To try to give it some kind of retrospective appeal, the invading forces decided to rebuild the country along new, improved lines. Unfortunately, they used the army to do the job. Armies are designed to destroy, not to build. So the effects were as disastrous as might – ought – to have been expected.

After years of downright oppression, the Shia majority of Iraq took power. Like most people previously downtrodden, they leaped at the opportunity to do some treading down themselves. The West, which had casually disbanded the Iraqi army with its Sunni leadership, took no steps to protect Sunnis from the rule of their enemies. New Sunni resistance movements emerged, fell under the control of religious fundamentalists, and from that toxic fusion, produced ISIS.

Doesn’t the French reaction, so far, to the Paris attacks remind you of the US/UK response to 9/11? Force first, and repression, rather than thought, self-analysis and careful consideration of the consequences of action.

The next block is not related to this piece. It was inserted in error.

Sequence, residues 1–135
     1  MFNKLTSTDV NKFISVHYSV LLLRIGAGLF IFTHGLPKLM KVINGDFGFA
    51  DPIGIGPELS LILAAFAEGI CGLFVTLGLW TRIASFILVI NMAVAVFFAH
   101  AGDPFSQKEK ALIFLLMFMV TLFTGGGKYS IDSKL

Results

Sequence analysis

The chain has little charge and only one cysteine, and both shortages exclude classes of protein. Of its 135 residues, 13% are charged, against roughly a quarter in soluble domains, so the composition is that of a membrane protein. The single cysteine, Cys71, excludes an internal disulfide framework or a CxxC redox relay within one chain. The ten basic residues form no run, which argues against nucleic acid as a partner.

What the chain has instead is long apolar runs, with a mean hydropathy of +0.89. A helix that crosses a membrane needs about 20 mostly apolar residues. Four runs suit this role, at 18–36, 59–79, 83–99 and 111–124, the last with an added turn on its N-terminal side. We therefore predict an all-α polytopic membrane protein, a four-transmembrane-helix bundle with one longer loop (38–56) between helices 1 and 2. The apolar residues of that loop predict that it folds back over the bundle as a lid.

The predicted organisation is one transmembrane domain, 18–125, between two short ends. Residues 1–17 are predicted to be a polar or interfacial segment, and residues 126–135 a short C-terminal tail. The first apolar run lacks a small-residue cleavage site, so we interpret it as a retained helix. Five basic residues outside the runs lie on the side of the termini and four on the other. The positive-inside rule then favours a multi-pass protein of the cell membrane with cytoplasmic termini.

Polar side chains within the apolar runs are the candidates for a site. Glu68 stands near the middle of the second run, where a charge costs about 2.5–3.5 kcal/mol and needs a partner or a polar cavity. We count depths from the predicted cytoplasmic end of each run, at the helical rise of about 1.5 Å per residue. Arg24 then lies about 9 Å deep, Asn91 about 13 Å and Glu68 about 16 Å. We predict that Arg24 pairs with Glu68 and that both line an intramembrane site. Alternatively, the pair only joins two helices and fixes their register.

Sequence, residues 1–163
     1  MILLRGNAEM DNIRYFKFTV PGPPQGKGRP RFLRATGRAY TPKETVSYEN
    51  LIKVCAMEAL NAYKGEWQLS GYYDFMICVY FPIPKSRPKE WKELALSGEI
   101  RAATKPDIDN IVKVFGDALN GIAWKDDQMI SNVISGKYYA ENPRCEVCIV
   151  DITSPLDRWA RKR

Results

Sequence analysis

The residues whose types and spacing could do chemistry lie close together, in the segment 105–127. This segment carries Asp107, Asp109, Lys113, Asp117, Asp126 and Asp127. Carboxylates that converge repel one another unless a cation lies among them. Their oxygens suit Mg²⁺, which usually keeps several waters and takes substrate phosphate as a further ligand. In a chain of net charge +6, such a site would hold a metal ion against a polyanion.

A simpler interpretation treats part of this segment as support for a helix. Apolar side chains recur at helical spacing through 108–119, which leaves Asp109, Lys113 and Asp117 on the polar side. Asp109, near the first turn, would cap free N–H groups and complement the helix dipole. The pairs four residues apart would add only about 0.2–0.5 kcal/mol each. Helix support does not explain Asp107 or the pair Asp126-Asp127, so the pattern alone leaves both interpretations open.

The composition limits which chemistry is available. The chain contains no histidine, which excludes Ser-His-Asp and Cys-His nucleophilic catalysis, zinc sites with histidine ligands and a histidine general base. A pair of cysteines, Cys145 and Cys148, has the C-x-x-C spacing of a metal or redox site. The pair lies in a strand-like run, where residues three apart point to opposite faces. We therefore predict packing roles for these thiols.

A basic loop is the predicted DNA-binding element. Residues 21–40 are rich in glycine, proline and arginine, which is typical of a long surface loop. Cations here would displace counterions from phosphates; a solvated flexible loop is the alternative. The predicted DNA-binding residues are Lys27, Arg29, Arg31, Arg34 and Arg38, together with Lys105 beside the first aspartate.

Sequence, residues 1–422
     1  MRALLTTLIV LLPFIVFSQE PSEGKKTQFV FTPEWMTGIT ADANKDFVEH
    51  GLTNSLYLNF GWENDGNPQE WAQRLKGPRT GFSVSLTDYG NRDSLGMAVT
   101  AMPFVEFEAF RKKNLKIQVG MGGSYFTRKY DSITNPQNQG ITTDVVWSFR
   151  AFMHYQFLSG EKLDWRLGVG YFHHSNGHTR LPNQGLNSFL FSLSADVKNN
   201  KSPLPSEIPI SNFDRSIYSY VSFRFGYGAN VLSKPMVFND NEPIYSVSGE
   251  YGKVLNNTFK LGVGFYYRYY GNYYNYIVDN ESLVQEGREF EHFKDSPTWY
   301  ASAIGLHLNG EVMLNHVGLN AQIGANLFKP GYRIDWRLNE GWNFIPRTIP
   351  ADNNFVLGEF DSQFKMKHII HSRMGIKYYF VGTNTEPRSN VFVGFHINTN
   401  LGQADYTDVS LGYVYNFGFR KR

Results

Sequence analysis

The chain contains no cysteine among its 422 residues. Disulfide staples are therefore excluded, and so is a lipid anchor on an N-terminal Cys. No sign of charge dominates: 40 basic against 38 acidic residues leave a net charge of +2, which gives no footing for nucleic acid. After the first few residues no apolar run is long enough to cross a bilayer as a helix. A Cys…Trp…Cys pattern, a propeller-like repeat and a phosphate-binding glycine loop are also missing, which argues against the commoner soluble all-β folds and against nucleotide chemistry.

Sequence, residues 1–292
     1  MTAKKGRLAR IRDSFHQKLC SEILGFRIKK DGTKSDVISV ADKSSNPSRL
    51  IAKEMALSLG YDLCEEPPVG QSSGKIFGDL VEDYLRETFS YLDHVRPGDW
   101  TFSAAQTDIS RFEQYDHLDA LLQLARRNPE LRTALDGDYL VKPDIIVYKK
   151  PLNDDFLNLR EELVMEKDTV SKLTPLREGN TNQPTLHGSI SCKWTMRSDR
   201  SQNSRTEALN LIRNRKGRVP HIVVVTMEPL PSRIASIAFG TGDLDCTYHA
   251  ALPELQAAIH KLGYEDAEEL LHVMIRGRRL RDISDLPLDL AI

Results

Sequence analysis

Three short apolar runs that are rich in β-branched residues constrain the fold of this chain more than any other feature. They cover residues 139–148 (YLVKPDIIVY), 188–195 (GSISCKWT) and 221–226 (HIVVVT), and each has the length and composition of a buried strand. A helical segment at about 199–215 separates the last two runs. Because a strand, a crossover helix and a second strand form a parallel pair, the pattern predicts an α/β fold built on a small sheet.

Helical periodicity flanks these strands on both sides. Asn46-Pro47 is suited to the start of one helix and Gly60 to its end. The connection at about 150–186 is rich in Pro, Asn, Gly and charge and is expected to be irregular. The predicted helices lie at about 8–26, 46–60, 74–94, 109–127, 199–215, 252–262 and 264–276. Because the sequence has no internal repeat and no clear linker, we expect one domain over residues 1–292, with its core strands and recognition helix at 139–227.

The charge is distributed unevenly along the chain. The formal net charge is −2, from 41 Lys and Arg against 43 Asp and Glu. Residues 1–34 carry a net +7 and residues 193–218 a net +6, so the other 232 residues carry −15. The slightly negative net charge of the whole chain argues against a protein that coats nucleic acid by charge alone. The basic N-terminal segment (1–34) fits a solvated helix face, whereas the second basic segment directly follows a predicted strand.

Self-analysis is badly needed. It’s emerging that both Iraq and Turkey warned France of the impending attacks. That they weren’t forestalled is a major intelligence failure. Analysing that shortcoming is far harder than despatching aircraft or arresting suspects. Besides, many people – some of them individuals I’d previously regarded as sensible – are clamouring for heavy handed action. “Close the borders!” they call, “lock up the imams! Kick out the refugees!”

That last call is particularly curious. Many refugees are fleeing the onslaught of ISIS, the very foe we face in the West, and which the West created. More Syrians are killed every day than in the Paris attacks that so stunned Europe. Close the borders to them? That’s like eating a starving man’s meal and then refusing to let emergency supplies through.

What’s worst about the demand for repression is that we saw what happened when we took that approach towards Iraq. It heightened tensions. It attracted recruits to the insurgent cause. It led to the unleashing of the forces we now have to combat.